Make sure your innovation aligns with your strategic buyer. Often the biggest questions asked by a strategic center on whether the company is an appropriate fit: is it the right size (both current size and eventual potential brand sale potential) and is the timing right (for the strategic and the growth company). Innovation alone is not sufficient, but it is a required element together with other aspects like business model and management team – it must all comes together – and must fit with the large company’s view of the world, capabilities and strategic direction.


Innovation is just as important for the top line as well as the bottom line. One strategic said, “many younger companies forget that all areas of the P&L are on the table.” In other words, if you have an innovation that might save money or increase efficiency, it might be just as valuable than one that increases revenue. Strategics want to drive overall company success, not just one brand’s top line.


One strategic advised that entrepreneurs take time to grow their brand. “Consumers don’t want innovation forced on them; instead, they want to be part of ‘discovering’ the innovation.” In doing so, the so-called “early adopters” become brand ambassadors and entrepreneurs have the time to perfect their idea over time. One investor told me that “nothing on Day One will ever end up being the final proposition. You need to invest time and energy to learn, tweak and change… otherwise, the chances of failure grow quickly.”


Both breakthrough innovations and a slight tweak may be tough for strategics. The breakthrough edge of the spectrum can raise questions (and hence, risk) such as: Is the innovation just “too much”? Is it safe? Is it sustainable over the long-term? And something small may not be enough to move the needle. A happy medium may be the best approach. “Consumers move gradually, but it’s tough to be on either side of the spectrum…being too far out there on the pioneering -edge innovation can sometime pose too much risk for a larger buyer.”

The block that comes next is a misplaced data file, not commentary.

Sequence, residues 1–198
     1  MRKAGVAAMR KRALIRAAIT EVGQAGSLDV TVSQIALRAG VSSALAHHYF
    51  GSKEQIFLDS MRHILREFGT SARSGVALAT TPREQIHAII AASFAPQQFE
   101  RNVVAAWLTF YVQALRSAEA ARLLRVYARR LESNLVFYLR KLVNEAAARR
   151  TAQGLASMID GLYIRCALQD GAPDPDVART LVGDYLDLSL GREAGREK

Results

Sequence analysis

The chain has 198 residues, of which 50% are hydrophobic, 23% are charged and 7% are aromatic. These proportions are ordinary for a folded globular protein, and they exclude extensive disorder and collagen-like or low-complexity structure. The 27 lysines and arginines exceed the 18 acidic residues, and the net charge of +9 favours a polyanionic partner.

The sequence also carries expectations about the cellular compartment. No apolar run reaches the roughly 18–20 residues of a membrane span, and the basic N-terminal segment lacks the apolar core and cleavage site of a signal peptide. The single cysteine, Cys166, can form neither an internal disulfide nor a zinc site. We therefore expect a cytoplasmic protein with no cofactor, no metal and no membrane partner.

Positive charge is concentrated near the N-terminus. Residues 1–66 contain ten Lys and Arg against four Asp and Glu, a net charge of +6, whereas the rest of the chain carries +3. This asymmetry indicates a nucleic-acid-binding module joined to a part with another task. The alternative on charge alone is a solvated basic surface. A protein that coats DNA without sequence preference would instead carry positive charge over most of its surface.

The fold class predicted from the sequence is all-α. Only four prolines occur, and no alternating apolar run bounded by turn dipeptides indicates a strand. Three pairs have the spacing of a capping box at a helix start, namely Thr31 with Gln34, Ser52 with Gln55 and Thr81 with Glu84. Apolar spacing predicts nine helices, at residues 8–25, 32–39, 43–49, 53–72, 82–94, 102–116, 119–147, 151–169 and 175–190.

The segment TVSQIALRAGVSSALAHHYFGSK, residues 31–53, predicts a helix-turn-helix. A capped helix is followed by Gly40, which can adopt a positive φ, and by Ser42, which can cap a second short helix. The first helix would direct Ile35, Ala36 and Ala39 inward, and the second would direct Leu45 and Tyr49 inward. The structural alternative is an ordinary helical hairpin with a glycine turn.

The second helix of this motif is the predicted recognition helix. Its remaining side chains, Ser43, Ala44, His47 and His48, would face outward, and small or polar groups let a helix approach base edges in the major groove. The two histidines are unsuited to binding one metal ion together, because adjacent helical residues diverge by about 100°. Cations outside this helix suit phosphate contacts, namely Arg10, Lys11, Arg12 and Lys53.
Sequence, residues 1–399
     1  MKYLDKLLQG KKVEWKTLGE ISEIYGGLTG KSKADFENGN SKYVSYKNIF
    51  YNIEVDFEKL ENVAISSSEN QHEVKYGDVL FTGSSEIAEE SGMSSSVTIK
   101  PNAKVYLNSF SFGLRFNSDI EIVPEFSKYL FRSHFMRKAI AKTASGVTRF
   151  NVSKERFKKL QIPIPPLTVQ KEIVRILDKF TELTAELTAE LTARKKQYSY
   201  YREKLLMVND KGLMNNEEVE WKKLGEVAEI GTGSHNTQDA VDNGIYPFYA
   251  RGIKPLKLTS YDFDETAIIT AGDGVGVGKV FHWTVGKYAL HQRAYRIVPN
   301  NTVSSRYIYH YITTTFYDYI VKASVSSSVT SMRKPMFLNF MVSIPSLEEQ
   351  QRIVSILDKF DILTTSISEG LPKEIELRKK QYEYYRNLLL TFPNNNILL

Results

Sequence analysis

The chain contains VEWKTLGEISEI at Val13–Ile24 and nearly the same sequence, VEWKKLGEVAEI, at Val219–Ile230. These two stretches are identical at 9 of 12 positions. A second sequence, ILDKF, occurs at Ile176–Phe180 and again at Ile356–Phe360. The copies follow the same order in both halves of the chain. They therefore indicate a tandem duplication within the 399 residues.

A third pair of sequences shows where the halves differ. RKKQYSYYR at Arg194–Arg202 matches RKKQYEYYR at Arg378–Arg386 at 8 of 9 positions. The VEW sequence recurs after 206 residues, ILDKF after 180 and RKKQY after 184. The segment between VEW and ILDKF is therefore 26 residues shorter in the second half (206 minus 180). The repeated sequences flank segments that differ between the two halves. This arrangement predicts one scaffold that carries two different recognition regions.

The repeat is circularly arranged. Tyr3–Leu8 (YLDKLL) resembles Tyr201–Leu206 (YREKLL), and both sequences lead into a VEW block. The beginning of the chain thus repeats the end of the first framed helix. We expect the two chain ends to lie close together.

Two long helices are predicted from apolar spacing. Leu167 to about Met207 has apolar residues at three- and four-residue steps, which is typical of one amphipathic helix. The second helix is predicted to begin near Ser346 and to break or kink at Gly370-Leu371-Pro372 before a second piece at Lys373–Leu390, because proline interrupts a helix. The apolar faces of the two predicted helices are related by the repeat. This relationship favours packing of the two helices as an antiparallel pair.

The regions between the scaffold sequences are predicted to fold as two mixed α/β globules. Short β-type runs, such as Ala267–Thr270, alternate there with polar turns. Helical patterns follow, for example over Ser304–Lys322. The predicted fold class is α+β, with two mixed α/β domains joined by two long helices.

There is no innovation in “me too.” You need to set yourself apart, know and own your target consumer and show that you can scale with your differentiation.  A name like Honest Tea has elegant simplicity and broad permission to move in new directions. Such “must-have” names alone can be enough, they told me.


Beyond a good name, however, these big beverage companies are looking for innovations in many areas. They’re looking for healthy beverages in growing markets, like products that can play to fast-growing demographics like the Latino community, packaging innovations, process-delivery innovations and technology innovations. Some established categories mentioned where strategics thought there was still room to grow include tea, lemonade, functional beverages and natural sweeteners. Also, more innovation for the mainstream is needed, both with innovative products that don’t come with a required premium price and speak to the masses, and products with the taste and messaging to help move people away from sugar-laden products –innovations that can help with larger cultural issues.

In the end, my friends spoke about how the magic of innovation comes from the interplay of taste, feel, messaging, functionality, brand and ingredients – but they also said that there’s little magic without cash generation, same-store sales growth and execution. There are just no economics and no exit for companies lacking the last three characteristics. And innovation can take time: As one strategic noted, most entrepreneurs create a product for their community (friends, social networks, family, peers) and as they start to expand the brand beyond that universe, they need to keep it true its original mission (what it started out to be) but continually innovate and evolve so the appeal becomes broad enough for a larger audience. To get there, it’s all about execution.